(3) Stranding Conditions: Degree and Extent of the Stranding, and the Heel of the vessel.

(4) Seabed Conditions: Sound the Depth around the vessel and investigate the Nature of the Seabed.

(5) Location and Degree of Damage : Carry out internal inspection of tanks as far as possible

(6) Oil Leakages or Threat of Oil leakages

(7) Necessity of reinforcing water tightness, and necessary materials on hand.

Self -refloating

(1) Use of Engine and Rudder

After De-ballasting to reduce the draft as much as possible, re-floating the vessel by itself at a high tide using the engine and rudder shall be considered.

Use the Engine of the vessel after very prudent considerations since there is a possibility of expanding the damage to the machinery and hull. Check

a. Condition of the seabed around the stern and in the direction of maneuvering when clear (a survey by a lifeboat may be required);

b. Integrity of the hull and damage stability;

(2) Discharging ballast and fresh water Prepare discharging operations in such a way that completion will be just about at the high tide. If discharge is carried out too early, there is a prospect of expanding the hull damage and increasing the vessels list.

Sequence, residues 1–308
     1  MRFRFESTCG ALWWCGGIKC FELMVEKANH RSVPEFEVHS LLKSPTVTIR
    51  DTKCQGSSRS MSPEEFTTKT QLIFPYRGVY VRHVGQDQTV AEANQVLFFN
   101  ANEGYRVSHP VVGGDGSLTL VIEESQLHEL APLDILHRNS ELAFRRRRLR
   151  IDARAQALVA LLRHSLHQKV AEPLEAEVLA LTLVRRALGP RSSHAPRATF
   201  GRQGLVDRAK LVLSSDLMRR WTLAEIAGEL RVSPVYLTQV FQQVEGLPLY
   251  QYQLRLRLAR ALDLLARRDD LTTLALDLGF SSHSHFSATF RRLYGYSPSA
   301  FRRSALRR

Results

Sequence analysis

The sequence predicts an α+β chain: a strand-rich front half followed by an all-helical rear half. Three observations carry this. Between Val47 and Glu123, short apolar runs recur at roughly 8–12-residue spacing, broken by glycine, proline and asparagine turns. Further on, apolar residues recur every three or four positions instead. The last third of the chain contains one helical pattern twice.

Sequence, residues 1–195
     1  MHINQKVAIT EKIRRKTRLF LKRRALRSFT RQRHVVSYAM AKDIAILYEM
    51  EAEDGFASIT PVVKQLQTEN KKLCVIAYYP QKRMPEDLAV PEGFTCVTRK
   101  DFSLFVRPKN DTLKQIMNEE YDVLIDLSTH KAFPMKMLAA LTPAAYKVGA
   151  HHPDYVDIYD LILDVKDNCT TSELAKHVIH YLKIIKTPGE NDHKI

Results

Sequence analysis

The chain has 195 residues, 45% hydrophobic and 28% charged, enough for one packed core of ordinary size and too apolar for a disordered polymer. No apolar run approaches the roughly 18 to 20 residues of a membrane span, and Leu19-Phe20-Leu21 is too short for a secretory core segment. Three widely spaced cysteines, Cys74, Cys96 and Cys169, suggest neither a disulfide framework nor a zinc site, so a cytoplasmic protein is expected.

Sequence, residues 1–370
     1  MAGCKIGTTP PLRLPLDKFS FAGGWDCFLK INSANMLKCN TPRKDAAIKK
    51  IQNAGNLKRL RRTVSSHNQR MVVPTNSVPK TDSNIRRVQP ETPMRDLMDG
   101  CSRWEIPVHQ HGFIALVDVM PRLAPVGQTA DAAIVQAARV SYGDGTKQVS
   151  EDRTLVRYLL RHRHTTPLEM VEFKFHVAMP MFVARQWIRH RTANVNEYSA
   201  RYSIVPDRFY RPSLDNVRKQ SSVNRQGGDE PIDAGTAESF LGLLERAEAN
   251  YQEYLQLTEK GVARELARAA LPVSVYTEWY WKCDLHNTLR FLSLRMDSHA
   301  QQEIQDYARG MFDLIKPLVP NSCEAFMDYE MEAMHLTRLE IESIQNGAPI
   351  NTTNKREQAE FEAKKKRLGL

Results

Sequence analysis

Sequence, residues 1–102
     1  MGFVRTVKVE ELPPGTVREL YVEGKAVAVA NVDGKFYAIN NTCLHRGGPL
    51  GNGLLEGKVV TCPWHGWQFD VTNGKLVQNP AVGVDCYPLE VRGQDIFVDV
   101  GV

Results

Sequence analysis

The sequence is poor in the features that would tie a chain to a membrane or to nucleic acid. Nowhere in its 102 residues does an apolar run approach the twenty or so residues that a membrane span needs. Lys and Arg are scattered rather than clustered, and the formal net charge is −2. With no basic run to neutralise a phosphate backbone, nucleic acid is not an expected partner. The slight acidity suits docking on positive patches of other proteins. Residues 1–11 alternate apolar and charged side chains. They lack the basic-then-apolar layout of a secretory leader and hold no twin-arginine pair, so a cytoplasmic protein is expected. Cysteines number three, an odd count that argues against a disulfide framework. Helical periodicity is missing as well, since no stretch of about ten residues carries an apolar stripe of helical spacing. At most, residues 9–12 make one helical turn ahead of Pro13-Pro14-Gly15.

Rate of drift of a disabled ship

The ship will drift under the influence of wind, current and wave forces. Direction and speed of drift cannot be predicted precisely but results from model tests and full scale drift observations have increased knowledge of this subject. Drift as depicted in these tests does not take into account any current other than wind related current.

The master should take every opportunity to observe the drift behaviour of his ship in loaded and light conditions and various aspects of trim. The drift pattern observed should be documented and retained onboard for future reference.

While drifting towards a perilous situation, the master should continue to take observations.

It is possible for the master to take positive action to influence the drift direction and/or drift speed of his ship.

As ships in different conditions drift in different directions, it is important to remember that before all control over the ship"s movement is lost, the initial drift direction can be influenced by the way in which the ship"s head is directed.

Options available to achieve a possible change in drift direction and/or speed include use of engines when steering is lost, changing of trim, heel, positioning of rudder whilst steering capability is still available, and use of anchors.

It may be helpful to draw the drift patterns likely to be experienced on a transparent piece of paper, and on a large enough scale, using data extracted .

This transparency can be placed on the chart relative to the wind/wave direction, to determine the best possible action to be taken in order to change the drift direction and speed.